“I find it very offensive when I am touched without my consent.”
I bet you read this in a woman’s voice and it may be accurate but the reality is that men feel this way a lot of times. When we hear sexual harassment, the first thing we think of is that the victim is woman and the perpetrator is a man. You’re not wrong because several instances of sexual harassment happen that way but the reality is that, men can also be victims at the hands of both men and women.
This is an opinion piece to address how these same things happen to men but they have been marginalized because at some point, some women have made themselves believe it is only harassment when a man does it to them.
Male sexual harassment happens everywhere; at work, at the gym, the mall, on the bus, at church, in restaurants, the club etc. They can be in the form of unwelcome touching and caressing, offensive sexual name calling and sexual comments and jokes.
I recently had a conversation with an acquaintance who shared his experience at his workplace with me. He worked in a female dominated office and there were several instances where his boss would squeeze his butt as a form of appreciation for him getting something right.
I was shocked because so many women go around angry at how they are treated by men in public, at the workplace, at church etc. So how do all those sentiments go out the window when itcomes to men?
Do we ever stop to think that even if not all, some of them feel uncomfortable when we get touchy with them? Unnecessarily touching their biceps, hands on their chest, hitting their ass, squeezing, sitting on their lap when they have not given their consent.
What gives some of us women the freedom to get away with acts like that and cry wolf when we are victims of such treatments?
I’m in no way trying to justify women being harassed, my problem is women doing the same to men and them feeling unsafe to loud it because it will suddenly come across as them not being “man enough”. What gives some of you women the pass to feel them up without consent while they have to always walk on eggshells around you?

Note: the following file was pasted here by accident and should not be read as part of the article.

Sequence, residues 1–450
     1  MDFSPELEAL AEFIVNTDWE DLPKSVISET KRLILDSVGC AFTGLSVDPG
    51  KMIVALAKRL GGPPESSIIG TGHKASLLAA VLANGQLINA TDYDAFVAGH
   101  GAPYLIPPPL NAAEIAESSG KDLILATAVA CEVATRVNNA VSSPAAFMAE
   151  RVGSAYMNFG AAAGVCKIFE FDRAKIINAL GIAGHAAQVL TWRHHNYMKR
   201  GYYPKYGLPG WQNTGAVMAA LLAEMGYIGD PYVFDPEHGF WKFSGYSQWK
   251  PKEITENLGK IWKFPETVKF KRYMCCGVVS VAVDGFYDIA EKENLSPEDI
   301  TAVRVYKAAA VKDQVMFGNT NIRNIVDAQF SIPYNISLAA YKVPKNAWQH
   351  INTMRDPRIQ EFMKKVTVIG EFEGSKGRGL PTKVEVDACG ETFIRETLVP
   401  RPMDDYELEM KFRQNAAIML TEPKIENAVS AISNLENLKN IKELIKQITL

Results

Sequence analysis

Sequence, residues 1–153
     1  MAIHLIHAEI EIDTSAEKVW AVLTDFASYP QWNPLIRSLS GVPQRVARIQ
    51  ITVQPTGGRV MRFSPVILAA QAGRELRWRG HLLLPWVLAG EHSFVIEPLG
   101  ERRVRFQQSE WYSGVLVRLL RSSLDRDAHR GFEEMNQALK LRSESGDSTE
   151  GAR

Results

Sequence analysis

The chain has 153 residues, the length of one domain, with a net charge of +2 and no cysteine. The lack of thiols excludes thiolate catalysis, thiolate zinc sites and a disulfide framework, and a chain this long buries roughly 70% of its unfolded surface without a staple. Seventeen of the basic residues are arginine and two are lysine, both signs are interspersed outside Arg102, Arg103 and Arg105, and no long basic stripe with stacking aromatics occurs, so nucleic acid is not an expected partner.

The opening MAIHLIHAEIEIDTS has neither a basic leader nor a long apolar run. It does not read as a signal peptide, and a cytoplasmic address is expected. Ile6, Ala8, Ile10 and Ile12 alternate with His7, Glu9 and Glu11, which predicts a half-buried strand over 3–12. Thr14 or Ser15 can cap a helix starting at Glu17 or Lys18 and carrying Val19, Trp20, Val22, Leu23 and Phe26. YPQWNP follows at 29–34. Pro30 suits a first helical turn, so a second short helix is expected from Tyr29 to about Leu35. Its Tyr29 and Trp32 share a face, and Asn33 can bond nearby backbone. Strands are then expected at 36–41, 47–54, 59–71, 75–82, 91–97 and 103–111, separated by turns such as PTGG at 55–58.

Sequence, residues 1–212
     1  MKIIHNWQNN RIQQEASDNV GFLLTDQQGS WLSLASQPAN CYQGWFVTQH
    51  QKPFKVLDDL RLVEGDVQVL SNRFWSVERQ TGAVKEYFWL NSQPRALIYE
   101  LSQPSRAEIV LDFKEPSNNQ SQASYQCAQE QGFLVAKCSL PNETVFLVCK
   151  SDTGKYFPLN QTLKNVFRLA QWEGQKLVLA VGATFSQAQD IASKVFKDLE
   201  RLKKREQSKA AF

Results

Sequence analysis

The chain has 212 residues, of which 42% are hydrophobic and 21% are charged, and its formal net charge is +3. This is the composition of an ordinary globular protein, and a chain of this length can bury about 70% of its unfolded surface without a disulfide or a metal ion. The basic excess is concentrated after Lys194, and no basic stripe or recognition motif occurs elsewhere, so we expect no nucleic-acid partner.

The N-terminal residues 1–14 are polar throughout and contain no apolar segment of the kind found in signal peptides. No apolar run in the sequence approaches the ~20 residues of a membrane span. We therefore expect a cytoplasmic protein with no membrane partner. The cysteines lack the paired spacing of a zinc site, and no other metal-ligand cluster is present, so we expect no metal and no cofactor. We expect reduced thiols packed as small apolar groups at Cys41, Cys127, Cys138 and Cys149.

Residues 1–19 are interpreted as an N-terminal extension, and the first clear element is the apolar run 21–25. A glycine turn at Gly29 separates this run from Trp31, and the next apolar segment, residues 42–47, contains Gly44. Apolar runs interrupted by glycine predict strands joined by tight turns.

Since time immemorial, men are groomed from boyhood to be strong and not show emotions that depicts vulnerability. Some men avoid speaking up in sexual harassment instances because they will be laughed at by their fellow men or tagged as a “softie” by women who hear of it. The stigma attached to a man being sexually harassed is that they will be seen as less manly if such cases are reported.
Unfortunately, this has made it become something of a norm for women to get away with harassing men sexually.
A more recent and complained about sexual harassment is now happening to straight men with gay men being the perpetrators.
I have personally heard several stories from male acquaintances of instances where they have been harassed by gay men. These are mostly gay men who can’t seem to take a hint or refuse to acknowledge the hint even when it’s been given. This seems to be an even bigger issue for straight men compared to being harassed by women. A lot of people relayed their stories and experiences with extreme bitterness and some have developed homophobic tendencies because of what they have had to endure. In these instances, they feel emasculated to even bring it up or think about it.
Most men just show their annoyance at sexual harassment incidents, hope it doesn’t repeat itself or they just decide to “tough” it out because it has gone on for so long that they themselves think it will be more of a nuisance to report than to keep it to themselves.
It is way past the time for women to start thinking about the double standards most of us hold when it comes to sexual harassment. I am very certain if some of you dig deep enough, you can pinpoint certain instances you did something to a male friend or colleague that if he had done to you, you would have screamed SEXUAL HARASSMENT.
To the Men, it is absolutely fine to let a woman or anyone know when you are uncomfortable with their advances and frequent touching. You do not have to take it. You are under no obligation to tough it out when it’s clearly making you uncomfortable.